Your anger wasn’t directed at the author or her books since you had said that you loved both Americannah and Purple Hibiscus when you first read it from cover to cover; but this dislike was thrown at women. And, especially, you blamed your mother.  Although you had been gay—a realization you made very early, it didn’t bother you—yet you always carried your dislike for women; so that no matter how much the girls tried to seduce you, you always rebuffed them. 

You paused halfway, and then continued. “My mother was mean to my father when he lost his job. But she was not like that; she used to be so sweet to him, to me,” you said in-between sobs. I stretched my hand to wipe the tears from your eyes.

“Then she became a monster to everyone, screaming at every little thing my father did, everything he did was so wrong to her. Soon, she would extend such cruelty to me: every time she got the chance she would insult and beat me without cause.  If you see my body eh, you will pity me.” You rolled out your shirt and I saw those thick black scars sandwiched on your back.  Tears almost rolled down my eyes.

Immediately, your heart would skip a beat as your father grunted from the parlor where he lay. You rose and strutted into the house, panicking.

This was the fifth time you were checking on him. Although the doctors had ascertained that your father was fine after the last heart attack that almost claimed his life, you had always carried your heart in your mouth each time you sense something unusual while your Pa grunted or coughed or sneezed or snored.

After your mother left, your father suffered a stroke, what you had not stopped blaming your mother for.  But later, through the assistance of family friends and your perseverance,, your father pulled through. He got a better job and could afford to see you through school.

“It was nothing. He just coughed.” You heaved a deep sigh. 

I wanted to say more, to beg you to forgive your mother, but, seeing the redness on the inflated rim of your eyes, I hesitated, agreeing with my instinct. Now was not the best time to talk to you about forgiveness. Forgiveness wasn’t something one resolved to achieve in a day. Sometimes it took days or weeks or months to attain, depending on the severity of the hurt. Yet I was determined to help you let go, so you could heal properly.


I was the type of person that wore that veil of I was ashamed to be in the crowd. Yet you came along and tore that veil of trepidation, of timidity, letting me share the spotlight with you. In class when the students or teachers applauded because you attempted a question correctly or on the assembly ground where you were lauded for winning gold in the Science Olympiad and Cowbell Mathematics Competitions, we shared that glory together, and your never tried to blame me for anything happening in your life. You helped me learn seemingly difficult algebra, despite how sluggish my ability to comprehend was.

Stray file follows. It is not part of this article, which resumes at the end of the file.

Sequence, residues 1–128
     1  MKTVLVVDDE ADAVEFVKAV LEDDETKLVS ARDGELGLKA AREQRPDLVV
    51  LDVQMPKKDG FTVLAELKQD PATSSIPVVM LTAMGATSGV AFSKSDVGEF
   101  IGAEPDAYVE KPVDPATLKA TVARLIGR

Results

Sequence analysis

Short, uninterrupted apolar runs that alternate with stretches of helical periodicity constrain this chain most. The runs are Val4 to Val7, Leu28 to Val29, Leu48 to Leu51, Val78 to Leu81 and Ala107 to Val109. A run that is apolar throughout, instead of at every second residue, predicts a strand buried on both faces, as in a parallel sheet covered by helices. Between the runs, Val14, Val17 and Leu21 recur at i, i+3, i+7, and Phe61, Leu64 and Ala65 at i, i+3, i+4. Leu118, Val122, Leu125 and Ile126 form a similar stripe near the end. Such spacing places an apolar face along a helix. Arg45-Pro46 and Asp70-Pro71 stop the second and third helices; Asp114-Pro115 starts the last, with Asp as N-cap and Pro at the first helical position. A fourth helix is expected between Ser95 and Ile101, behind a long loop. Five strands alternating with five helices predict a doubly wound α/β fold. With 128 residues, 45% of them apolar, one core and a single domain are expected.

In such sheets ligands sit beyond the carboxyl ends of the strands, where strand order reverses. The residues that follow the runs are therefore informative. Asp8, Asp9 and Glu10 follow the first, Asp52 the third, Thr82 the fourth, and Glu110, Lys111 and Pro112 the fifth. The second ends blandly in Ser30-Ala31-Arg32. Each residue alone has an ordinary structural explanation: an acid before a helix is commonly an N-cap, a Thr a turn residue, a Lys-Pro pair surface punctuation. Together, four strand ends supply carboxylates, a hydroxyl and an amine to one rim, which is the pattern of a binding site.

One time you had given me some money, half of the prize money, to get a pair of new brown sandals because my parents, who were in serious debts, could not afford the money. And my jaw dropped the instance I saw the money.

“Five thousand, Chike!” I exclaimed. “What will you tell your father if he asks?”

“It’s nothing. Just manage it. I will explain to him, don’t worry. He will understand.”

The first time we kissed, it felt like heaven.

Sitting beside you on the bed, in your room, staring at the characters on the TV screen, suddenly your hands left its position and crawled towards mine. In that split moment, my heart skipped a beat as you drew closer, closing up the thin space between us. . The warmth of our bodies glued to each other filtered into my nostrils. The tremors continued to rise. Tension gained momentum.

We dare not speak. Our body language was enough. 

And then that moment where our gaze crossed, your palms cupping my face, and my feet swelling with unruly emotions, your lips pressed firmly against mine, dragging from side to side.  Your father was out for a drink with friends. So the exchange of spittle, of breath, of body heat was not rushed.

Before we could realize it and bring our bodies under control, we were far gone, already peeling our clothes from each other’s body and flinging them on the floor in a bid to drown in the river of passion.


For a while I hadn’t known the taste of sadness enough until your lips showed it.

I was at home, at the backyard of our house, trying to help my mother peel the sac full of freshly harvested cassava tubers, when my phone rang.

“This boy, you won’t change that rubbish ring tone,” I overhead my mother say, holding her chest as though she had just run out of the room after seeing a ghost, before I picked the call.   

“What?” my voice exploded and I felt my chest heave with pain. 

“Who was that?” My mother inquired, but my mind had wandered off.

I felt a huge hand tap me strongly, bringing me into reality.

“Chike!” I called out in anxiety.